It’s not 100 percent clear whether former retail boss Angela Ahrendts left Apple voluntarily or was pushed out. However, a new report suggests that she didn’t quite live up to the hype.
“Angela Ahrendts was supposed to be the Renaissance that never quite was,” a former Apple store manager says. “We were getting conflicting direction on a semi-regular basis and a lot of new initiatives on what seemed like a weekly basis. Nothing seemed to quite stick.”
It gives a slightly chaotic sense of the time spent at Apple by Ahrendts — who was among the company’s top earning employees.
The quote comes from Chris Matyszczyk’s “Technically Incorrect” column. In it, his unnamed ex-Apple Store manager describes the three eras of Apple’s retail ambitions.
The eras of Apple Store
The first, and supposedly best, era was under the leadership of Apple Store pioneer Ron Johnson. This is the period in which Apple Stores made their debut and saw significant growth. It’s also the point at which they were utterly unique, being unlike the way that any other retailers sold tech products.
When Johnson left, the leadership role was handed to John Browett. As one of the first major hires under Tim Cook, Browett’s tenure was under a lot of scrutiny. Unfortunately, he failed to deliver and was out of the door quickly. He has since suggested that he was a bad cultural fit for Apple. Matyszczyk writes:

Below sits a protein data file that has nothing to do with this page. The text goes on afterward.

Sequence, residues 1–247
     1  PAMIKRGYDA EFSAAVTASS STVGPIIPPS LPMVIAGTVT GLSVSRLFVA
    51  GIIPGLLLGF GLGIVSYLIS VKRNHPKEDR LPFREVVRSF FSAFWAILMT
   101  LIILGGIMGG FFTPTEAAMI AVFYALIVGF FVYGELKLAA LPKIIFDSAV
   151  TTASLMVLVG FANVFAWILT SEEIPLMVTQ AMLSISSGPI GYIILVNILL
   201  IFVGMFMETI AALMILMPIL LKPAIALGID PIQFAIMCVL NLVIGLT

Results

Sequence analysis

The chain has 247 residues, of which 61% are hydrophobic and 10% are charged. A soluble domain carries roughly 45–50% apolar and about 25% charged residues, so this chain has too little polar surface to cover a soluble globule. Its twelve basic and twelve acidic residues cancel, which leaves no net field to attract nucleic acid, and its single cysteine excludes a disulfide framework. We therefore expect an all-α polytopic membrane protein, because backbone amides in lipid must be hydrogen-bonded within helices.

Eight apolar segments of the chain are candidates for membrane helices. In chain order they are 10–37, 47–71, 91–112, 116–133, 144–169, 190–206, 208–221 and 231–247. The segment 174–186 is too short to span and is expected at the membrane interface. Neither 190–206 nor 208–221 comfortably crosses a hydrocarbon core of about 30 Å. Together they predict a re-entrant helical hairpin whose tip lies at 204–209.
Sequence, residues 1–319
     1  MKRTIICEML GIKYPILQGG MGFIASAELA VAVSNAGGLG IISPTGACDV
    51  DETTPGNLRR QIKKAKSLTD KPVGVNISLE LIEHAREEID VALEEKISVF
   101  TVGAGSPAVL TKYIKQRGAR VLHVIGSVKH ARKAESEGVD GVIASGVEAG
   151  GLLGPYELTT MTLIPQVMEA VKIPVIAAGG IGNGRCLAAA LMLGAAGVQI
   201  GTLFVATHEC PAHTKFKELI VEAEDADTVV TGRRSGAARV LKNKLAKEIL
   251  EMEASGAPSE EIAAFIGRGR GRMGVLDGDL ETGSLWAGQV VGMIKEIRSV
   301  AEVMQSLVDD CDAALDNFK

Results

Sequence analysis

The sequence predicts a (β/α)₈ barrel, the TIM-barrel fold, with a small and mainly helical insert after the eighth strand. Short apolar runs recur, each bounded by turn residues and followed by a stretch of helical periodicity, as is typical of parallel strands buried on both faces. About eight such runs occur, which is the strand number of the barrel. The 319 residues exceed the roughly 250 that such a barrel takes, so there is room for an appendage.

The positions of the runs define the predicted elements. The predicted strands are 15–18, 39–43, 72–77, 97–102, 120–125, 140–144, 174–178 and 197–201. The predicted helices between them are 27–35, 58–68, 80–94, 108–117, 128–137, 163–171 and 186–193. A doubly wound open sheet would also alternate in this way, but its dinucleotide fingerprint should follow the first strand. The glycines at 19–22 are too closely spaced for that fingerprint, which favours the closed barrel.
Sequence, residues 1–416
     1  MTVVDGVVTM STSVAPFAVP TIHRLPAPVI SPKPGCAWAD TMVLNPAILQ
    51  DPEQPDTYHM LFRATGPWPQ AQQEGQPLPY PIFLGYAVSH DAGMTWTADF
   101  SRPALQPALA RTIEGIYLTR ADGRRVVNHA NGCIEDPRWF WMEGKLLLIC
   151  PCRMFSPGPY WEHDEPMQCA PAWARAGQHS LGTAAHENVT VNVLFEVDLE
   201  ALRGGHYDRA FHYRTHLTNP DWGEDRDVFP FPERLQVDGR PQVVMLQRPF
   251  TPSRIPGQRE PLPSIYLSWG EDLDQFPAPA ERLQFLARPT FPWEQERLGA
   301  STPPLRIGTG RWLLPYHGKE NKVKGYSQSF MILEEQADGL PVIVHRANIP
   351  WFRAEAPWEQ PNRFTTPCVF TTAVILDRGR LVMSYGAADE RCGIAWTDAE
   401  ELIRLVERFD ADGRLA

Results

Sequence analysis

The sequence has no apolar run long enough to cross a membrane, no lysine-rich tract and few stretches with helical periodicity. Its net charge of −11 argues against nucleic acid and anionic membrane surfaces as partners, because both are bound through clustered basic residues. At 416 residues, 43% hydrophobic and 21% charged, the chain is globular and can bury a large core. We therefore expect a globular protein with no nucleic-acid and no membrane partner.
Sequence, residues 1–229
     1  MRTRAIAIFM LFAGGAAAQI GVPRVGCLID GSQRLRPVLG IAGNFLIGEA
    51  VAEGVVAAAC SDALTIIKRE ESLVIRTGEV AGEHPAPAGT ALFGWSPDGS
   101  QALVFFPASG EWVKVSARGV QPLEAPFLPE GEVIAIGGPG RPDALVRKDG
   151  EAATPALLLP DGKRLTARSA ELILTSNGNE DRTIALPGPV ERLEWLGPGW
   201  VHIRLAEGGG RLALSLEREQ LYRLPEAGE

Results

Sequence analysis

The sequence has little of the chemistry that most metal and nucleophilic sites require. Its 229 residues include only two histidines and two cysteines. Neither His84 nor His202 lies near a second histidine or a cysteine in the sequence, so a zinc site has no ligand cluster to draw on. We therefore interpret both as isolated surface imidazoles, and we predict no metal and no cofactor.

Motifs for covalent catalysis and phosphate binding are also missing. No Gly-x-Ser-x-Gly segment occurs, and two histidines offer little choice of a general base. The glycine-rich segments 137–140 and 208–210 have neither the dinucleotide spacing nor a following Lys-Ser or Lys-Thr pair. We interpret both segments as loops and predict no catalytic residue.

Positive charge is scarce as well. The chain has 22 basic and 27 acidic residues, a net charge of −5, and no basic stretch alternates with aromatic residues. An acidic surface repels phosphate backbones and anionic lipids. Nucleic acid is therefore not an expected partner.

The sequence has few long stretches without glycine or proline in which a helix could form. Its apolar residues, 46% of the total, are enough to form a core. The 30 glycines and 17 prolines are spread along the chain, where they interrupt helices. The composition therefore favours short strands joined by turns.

“These were the darker Middle Ages,” said my source. “It was the first and, as far as I know, only time that Apple actually laid off retail employees, tightened up available hours and made its priority driving revenue rather than making the customer happy.”
Here comes Angela
Arriving from Burberry in 2014, Angela Ahrendts was touted as a hugely exciting prospect for Apple. Some commentators even suggested that she was a potential future CEO for the company. She commanded a big signing bonus and lucrative stock options. She then oversaw the redesign of the Apple Stores (think trees!) and the massive growth in China.
But, from the sound of things, not everything about her tenure clicked. “Sales traffic and volumes were dipping, and yet our sales targets continued to rise,” the former manager says. “You can imagine the pressure this would put on store leadership. Suddenly, we were being tracked based on how many ‘exceptions’ we were making for customers — either a discretionary discount or waiving of a repair fee or cost.”
Of course, it’s worth noting that these comments aren’t necessarily representative. A former employee might have all kinds of reasons not to be happy about the bosses. (Tim Cook certainly has had plenty of nice things to say about Ahrendts.) Even if these complaints are true, it’s also not clear how much can be attributed to Ahrendts.
Have you noticed a change in the way that the Apple Store experience operates? Let us know your thoughts in the comments below.